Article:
Voiceflight (a US firm offering very slick voice loading of waypoints) solve this for Europe at a fairly hefty cost of $25/month for buying a copy of the Jepp database (I did put them in touch with some individual(s) who can hopefully help them do it more economically but last time I spoke to them they thought the US market was enough for them) and I would be a little suprised if any other company offering flight plan loading had found a way to sidestep this IMHO utterly stupid artefact of the Garmin crossfill protocol. If you had a GPS which had an RS232 (etc) interface via which it could accept textual input like EGKA SAM ORTAC EGJJ, life would be easy…

I would also be less than happy to have WIFI running 100% of the time in the cockpit. Compared to Bluetooth, WIFI uses quite a lot of RF power. This is not going via shielded cables but is radiated freely all over the place. I realise nobody has yet openly reported a problem, but I make a point of not using the Thuraya satphone for data (I don’t use it for voice, and as mentioned above, text messages mostly don’t work to cellular networks in the infidel world) while going down an ILS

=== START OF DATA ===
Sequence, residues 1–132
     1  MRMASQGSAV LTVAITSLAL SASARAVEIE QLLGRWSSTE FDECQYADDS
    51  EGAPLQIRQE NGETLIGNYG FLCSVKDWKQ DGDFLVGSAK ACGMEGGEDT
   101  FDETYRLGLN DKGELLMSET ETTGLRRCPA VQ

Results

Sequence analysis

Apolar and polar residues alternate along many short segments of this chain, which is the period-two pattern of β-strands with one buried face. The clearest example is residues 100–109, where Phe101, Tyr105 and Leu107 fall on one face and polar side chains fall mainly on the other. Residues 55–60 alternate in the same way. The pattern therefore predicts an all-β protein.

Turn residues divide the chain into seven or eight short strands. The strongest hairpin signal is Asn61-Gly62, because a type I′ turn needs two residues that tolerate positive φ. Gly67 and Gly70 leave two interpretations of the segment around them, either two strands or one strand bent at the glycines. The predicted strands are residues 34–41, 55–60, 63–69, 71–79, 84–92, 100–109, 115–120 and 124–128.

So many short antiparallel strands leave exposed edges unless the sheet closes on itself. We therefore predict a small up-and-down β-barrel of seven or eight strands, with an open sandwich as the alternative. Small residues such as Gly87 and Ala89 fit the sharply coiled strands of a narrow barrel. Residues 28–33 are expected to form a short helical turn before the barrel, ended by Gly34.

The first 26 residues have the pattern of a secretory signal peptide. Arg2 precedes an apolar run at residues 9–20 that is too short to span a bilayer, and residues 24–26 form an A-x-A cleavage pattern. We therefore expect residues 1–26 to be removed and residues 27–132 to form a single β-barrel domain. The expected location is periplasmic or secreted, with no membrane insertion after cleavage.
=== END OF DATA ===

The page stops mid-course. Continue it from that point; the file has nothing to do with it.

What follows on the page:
Could one connect a Garmin GPS to a King mode S transponder?

Yes, though any incompatibilities are worse between competing products than between same-vendor products

However one doesn’t need to connect a GPS to a transponder except for either auto AIR/GND switching based on GPS GS (which definitely does not work from a KLN94 to a GTX330, despite the wiring being documented by Garmin, who like Honeywell stonewall all enquiries on the topic) or ADS-B (which is nonexistent in Europe for GA, but has, ahem, a great future )

The GTX330 ARINC429 pressure altitude also doesn’t work with the Avidyne TAS60x TCAS boxes (a connection which would save running 10 wires down the length of the plane) and both Garmin and Avidyne stonewall all enquiries on that one too… ARINC429 is supposed to be a standard but somehow the programmers (probably C++ programmers ) still manage to make it not work.

Last Edited by Peter at 06 Jan 09:21
Shoreham EGKA, United Kingdom

put some crypto protection

Seems to confirm my third point.

However one doesn’t need to connect a GPS to a transponder

? Doesn’t a mode-S transponder transmit position information, and likely more data (ground speed? heading?) that only a GPS receiver can supply?

Last Edited by at 06 Jan 09:22
EBZH Kiewit, Belgium


or ADS-B (which is nonexistent in Europe for GA, but has, ahem, a great future )

Works fine with my plane using a Trig Transponder and a GNS430

LSZH(work) LSZF (GA base), Switzerland